BY: MICHELLE PEREZ-VEGA
Asia co-founder and lead singer John Wetton died Tuesday morning after losing his battle to colon cancer. He was 67.
Wetton first grew to fame in the early 1970’s when he became part of rock groups King Crimson, Roxy Music and Uriah Heep before forming Asia.
A true super group of the 1980s, Asia boasted a lineup that included Steve Howe (Yes), Geoff Downes (The Buggles), Carl Palmer (ELP) and Wetton. The band’s self-titled debut album sold eight million copies worldwide and was Billboard’s No. 1 album of 1982. Wetton also had a long career as an in-demand session bass player, and collaborated with many members of progressive rock bands such as Yes (including Steve Howe, Bill Bruford, Geoff Downes, Alan White, Billy Sherwood and Peter Banks), Roxy Music and Bryan Ferry, and Genesis (Steve Hackett).
Vinny Cecolini, a renowned rock music journalist, was VH1 Classic’s Senior Writer at the time he met and interviewed Wetton. Cecolini has had the opportunity to meet and interview a variety of music legends, including Ringo Starr of the Beatles, Lemmy Kilmister of Motorhead, and Meat Loaf, to name a few. Cecolini said that the entire staff, however, was extremely excited to meet the recently united Asia.
“Despite not having the same name recognition as his band mates,” Cecolini remembered, “John Wetton certainly possessed a much more impressive resume, having spent time with Roxy Music and Uriah Heep, among many others. And if his face was not instantly recognizable, his voice certainly was.”
As the VH1 Classic staff watched Asia’s short, in-studio performance, Cecolini said they were all captivated.
“We were taken back to the early ’80s, we felt like kids again,” he said. “Yes, the years had added gray hair and wrinkles to each member’s face, but they were flawless. They sounded like the records I had worn out after repeated turns on my record player.”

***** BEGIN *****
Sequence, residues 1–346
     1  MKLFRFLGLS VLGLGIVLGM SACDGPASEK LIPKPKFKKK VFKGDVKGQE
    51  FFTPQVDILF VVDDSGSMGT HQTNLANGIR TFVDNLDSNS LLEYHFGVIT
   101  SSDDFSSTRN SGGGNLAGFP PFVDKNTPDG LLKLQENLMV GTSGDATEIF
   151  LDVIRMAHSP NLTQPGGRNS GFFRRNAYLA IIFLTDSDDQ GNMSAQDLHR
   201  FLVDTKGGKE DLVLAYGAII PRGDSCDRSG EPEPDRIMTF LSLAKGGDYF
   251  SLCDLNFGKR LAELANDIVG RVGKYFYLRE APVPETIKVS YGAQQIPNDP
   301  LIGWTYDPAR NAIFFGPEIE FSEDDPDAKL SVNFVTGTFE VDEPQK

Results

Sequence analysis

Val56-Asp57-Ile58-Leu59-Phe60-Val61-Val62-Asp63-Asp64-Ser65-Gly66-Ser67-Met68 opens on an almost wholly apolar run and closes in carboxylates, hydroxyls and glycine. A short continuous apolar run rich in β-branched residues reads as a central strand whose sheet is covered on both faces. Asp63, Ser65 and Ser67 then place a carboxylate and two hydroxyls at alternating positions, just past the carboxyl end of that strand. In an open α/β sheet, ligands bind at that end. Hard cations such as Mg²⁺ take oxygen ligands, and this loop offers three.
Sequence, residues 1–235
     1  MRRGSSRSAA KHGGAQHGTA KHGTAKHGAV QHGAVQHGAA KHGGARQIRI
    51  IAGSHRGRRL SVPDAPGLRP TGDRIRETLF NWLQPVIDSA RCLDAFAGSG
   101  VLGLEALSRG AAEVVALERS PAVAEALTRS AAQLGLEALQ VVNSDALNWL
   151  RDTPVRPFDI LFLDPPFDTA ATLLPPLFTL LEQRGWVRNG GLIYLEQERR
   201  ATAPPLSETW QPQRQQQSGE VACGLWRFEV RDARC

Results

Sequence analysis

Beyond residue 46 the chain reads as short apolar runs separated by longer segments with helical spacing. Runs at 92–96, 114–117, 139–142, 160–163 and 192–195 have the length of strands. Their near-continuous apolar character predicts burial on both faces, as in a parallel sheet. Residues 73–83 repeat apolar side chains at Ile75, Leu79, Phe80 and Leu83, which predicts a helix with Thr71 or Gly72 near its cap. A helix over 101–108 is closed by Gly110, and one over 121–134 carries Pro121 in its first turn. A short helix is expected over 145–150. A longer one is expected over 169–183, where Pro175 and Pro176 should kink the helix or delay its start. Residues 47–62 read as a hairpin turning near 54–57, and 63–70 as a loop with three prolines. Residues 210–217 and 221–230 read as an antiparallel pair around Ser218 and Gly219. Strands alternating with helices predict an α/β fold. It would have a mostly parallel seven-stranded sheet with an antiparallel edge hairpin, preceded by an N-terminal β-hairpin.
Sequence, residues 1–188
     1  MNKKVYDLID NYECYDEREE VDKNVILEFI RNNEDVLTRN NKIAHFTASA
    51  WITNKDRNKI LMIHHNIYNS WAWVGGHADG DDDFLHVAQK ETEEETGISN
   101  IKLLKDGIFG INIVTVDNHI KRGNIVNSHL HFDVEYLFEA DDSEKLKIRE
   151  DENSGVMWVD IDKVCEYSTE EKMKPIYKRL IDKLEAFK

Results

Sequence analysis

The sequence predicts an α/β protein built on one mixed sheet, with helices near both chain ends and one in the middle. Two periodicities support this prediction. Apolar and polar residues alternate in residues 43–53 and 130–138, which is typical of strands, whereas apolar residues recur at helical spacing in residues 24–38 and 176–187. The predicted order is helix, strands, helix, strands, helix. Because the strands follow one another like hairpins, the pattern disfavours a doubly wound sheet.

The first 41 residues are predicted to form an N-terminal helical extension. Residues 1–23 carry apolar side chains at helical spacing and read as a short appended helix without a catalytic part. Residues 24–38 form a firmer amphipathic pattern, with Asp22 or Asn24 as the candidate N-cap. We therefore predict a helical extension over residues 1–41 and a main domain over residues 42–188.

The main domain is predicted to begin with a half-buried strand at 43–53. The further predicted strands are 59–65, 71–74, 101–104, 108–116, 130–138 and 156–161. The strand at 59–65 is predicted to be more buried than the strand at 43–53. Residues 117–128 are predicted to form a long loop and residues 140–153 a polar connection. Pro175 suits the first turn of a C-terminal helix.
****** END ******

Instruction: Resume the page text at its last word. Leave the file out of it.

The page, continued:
Afterwards, while the band posed for photos with the staff, Cecolini’s then-boss called him aside.
“‘I know you haven’t prepared,” Cecolini recalled his boss asking, “but would you mind interviewing John Wetton?’ I laughed. It was a dream chance to chat one-on-one with a music legend and I was asked if it would be okay!”
As the crew scrambled to set up cameras and screens for the interview, Wetton and Cecolini exchanged small talk. Cecolini said that the interviewer within him was torn: he wanted to ask Wetton everything, but Cecolini also wanted to wait until the cameras rolled.
“John Wetton was easily one of the nicest, friendliest, most generous musical icons I have ever met,” Cecolini sincerely said. “During the in-studio studio rehearsal and performance, while Steve Howe constantly complained about this or that, Wetton had a smile that could not be erased. He was just enjoying himself too much. Perhaps, it was the reunion. More than likely, it was just John. The smile remained as we chatted on camera. Even when he was called away to the next media engagement, he was appreciative.”
Cecolini said that although he was aware of Wetton’s battle with cancer, he was still heartbroken by the news of Wetton’s passing.
“I’m happy with all of the media attention his passing received,” Cecolini said. “I am still saddened that another musical hero has departed us all. I hope the bassist/vocalist is already jamming with Bowie, Lemmy, Prince and so many others…where it truly has become Rock ‘N’ Roll Heaven.”
Wetton is survived by his wife Lisa; son, Dylan; his brother, Robert; and mother, Peggy. Funeral arrangements were not known at this time.
(READERS CAN VIEW VINNY CECOLINI’S INTERVIEW WITH JOHN WETTON BELOW.)